Proclamar y enseñar. Evangelizar y discipular. Ganar y capacitar. Las dos actividades primordiales de la iglesia están esposadas. No es posible hacer lo uno sin pensar en lo otro. Sin almas ganadas, no hay nadie para enseñar. Sin la capacitación, no es posible sostener el evangelismo y la expansión de la iglesia.
Our Walk through Holy Week takes a somber turn on Thursday.
From Bethany Jesus sent Peter and John ahead to the Upper Room in Jerusalem to make the preparations for the Passover Feast. That evening after sunset, Jesus washed the feet of his disciples as they prepared to share in the Passover. By performing this humble act of service, Jesus demonstrated by example how they were to love one another. Today, many churches practice foot-washing ceremonies as a part of their Maundy Thursday services.
Then Jesus shared the feast of Passover with his disciples saying, "I have been very eager to eat this Passover meal with you before my suffering begins. For I tell you now that I won't eat this meal again until its meaning is fulfilled in the Kingdom of God." (Luke 22:15-16, NLT)
As the Lamb of God, Jesus was about to fulfill the meaning of the Passover by giving his body to be broken and his blood to be shed in sacrifice, freeing us from sin and death. During this Last Supper, Jesus established the Lord's Supper, or Communion, instructing his followers to continually remember his sacrifice by sharing in the elements of bread and wine:
"And he took bread, and when he had given thanks, he broke it and gave it to them, saying, 'This is my body, which is given for you. Do this in remembrance of me.' And likewise the cup after they had eaten, saying, 'This cup that is poured out for you is the new covenant in my blood.' " (Luke 22:19-20, ESV)
Later Jesus and the disciples left the Upper Room and went to the Garden of Gethsemane, where Jesus prayed in agony to God the Father. Luke's Gospel says "his sweat became like great drops of blood falling down to the ground." (Luke 22:44, ESV)
Late that evening in Gethsemane, Jesus was betrayed with a kiss by Judas Iscariot and arrested by the Sanhedrin. He was taken to the home of Caiaphas, the High Priest, where the whole council had gathered to begin making their case against Jesus.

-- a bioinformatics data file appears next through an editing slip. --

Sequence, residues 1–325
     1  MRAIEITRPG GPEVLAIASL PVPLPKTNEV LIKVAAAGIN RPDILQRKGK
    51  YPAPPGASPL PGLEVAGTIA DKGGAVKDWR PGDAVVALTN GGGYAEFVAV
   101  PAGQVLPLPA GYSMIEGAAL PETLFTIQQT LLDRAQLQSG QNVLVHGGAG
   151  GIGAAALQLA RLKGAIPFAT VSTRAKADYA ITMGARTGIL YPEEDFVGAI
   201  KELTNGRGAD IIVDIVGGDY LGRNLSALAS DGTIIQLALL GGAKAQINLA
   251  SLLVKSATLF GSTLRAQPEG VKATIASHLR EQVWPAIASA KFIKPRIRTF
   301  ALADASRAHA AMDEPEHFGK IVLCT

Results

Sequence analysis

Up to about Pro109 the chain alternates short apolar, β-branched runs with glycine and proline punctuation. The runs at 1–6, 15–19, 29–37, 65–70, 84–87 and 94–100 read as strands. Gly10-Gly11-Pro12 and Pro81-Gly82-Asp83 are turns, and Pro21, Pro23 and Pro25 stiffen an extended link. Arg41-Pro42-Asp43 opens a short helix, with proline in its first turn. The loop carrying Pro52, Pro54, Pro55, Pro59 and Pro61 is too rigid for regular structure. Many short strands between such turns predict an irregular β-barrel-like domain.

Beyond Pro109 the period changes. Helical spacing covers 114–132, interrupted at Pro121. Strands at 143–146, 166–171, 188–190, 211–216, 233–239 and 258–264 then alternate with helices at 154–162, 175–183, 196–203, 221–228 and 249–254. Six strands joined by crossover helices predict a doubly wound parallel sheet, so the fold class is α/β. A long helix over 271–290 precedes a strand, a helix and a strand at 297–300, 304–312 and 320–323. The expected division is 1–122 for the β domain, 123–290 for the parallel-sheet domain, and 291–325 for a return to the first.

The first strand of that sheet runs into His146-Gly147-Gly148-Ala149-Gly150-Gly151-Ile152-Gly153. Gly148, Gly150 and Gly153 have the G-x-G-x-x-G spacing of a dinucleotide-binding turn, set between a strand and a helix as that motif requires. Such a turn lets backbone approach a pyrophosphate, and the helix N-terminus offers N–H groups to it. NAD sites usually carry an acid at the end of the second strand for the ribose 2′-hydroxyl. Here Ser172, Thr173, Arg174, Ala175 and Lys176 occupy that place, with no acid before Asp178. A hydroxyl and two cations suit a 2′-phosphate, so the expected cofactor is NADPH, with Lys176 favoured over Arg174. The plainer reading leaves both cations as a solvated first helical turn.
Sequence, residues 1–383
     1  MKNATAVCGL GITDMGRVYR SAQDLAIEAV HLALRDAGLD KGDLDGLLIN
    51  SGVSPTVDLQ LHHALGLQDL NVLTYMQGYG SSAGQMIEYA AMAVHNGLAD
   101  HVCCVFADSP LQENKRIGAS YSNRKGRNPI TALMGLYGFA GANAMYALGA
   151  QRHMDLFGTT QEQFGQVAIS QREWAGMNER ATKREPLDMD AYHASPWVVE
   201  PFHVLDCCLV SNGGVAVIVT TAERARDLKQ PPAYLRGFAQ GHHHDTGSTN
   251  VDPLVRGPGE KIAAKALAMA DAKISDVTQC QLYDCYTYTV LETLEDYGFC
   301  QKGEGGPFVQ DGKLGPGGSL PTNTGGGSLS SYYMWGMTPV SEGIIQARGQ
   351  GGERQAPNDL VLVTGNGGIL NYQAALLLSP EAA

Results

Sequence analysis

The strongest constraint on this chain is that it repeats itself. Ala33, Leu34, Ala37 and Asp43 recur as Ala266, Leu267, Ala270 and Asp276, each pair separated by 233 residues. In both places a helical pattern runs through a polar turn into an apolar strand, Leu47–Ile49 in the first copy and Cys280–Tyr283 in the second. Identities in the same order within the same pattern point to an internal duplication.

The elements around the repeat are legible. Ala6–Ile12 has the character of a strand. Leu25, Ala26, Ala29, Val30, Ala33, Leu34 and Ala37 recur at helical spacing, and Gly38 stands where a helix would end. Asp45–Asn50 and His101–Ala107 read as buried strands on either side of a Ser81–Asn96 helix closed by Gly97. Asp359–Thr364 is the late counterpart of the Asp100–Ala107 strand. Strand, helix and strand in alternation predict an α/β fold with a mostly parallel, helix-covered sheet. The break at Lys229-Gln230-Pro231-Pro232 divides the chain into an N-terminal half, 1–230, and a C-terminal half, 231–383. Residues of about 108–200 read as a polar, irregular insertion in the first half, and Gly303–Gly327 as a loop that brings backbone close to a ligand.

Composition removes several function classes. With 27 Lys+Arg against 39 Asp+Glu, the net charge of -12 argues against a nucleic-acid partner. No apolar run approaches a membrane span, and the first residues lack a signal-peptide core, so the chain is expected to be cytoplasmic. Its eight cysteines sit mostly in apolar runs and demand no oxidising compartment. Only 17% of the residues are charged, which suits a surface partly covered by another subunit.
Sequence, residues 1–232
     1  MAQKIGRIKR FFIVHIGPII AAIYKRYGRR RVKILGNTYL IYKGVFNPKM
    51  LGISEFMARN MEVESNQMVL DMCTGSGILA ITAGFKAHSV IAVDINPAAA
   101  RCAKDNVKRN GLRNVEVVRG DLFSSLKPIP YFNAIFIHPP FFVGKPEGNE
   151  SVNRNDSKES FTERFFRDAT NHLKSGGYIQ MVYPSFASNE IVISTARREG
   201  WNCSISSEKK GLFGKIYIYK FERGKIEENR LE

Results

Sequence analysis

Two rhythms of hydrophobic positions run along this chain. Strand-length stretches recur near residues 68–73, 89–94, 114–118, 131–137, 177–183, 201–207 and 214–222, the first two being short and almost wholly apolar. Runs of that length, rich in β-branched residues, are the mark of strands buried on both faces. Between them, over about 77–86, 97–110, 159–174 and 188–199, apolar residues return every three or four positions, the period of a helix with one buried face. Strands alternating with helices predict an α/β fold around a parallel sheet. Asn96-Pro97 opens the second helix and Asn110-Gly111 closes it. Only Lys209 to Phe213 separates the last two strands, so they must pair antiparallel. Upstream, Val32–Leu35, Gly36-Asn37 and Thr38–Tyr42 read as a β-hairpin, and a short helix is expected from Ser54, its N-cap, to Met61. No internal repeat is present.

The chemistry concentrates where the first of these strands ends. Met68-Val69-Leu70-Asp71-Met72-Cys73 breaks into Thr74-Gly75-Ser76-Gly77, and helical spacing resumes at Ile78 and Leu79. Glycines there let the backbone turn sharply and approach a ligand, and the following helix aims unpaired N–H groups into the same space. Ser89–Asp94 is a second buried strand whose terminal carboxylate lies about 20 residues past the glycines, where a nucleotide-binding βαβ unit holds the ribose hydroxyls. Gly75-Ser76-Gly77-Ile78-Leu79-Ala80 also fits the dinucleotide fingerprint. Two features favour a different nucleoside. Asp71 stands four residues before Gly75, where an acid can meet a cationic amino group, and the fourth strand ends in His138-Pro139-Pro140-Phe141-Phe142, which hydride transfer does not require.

Meanwhile, in the early morning hours as Jesus' trial was getting underway, Peter denied knowing his Master three times before the rooster crowed.
The Bible doesn't say what the Lord did on Wednesday of Passion Week. Scholars speculate that after two exhausting days in Jerusalem, Jesus and his disciples spent this day resting in Bethany in anticipation of the Passover.
Bethany was about two miles east of Jerusalem. Here Lazarus and his two sisters, Mary and Martha lived. They were close friends of Jesus, and probably hosted him and the disciples during these final days in Jerusalem.
Just a short time previously, Jesus had revealed to the disciples, and the world, that he had power over death by raising Lazarus from the grave. After seeing this incredible miracle, many people in Bethany believed that Jesus was the Son of God and put their faith in him. Also in Bethany just a few nights earlier, Lazarus' sister Mary had lovingly anointed the feet of Jesus with expensive perfume.
While we can only speculate, it's fascinating to consider how our Lord Jesus spent this final quiet day with his dearest friends and followers.
Today our journey with Jesus through Holy Week takes us back to the Temple in Jerusalem and then to the Mount of Olives.
On Tuesday morning, Jesus and his disciples returned to Jerusalem. They passed the withered fig tree on their way, and Jesus taught them about faith.
At the Temple, the religious leaders aggressively challenged Jesus' authority, attempting to ambush him and create an opportunity for his arrest. But Jesus evaded their traps and pronounced harsh judgment on them: "Blind guides! ... For you are like whitewashed tombs—beautiful on the outside but filled on the inside with dead people's bones and all sorts of impurity. Outwardly you look like righteous people, but inwardly your hearts are filled with hypocrisy and lawlessness...Snakes! Sons of vipers! How will you escape the judgment of hell?" (Matthew 23:24-33)
Tuesday afternoon Jesus left the city and went with his disciples to the Mount of Olives, which overlooks Jerusalem due east of the Temple. Here Jesus gave the Olivet Discourse, an elaborate prophecy about the destruction of Jerusalem and the end of the age. He taught in parables using symbolic language about end times events, including his Second Coming and the final judgment.
Scripture indicates that Tuesday was the day Judas Iscariot negotiated with the Sanhedrin to betray Jesus (Matthew 26:14-16).
After a tiring day of confrontation and warnings about the future, once again, Jesus and the disciples stayed the night in Bethany.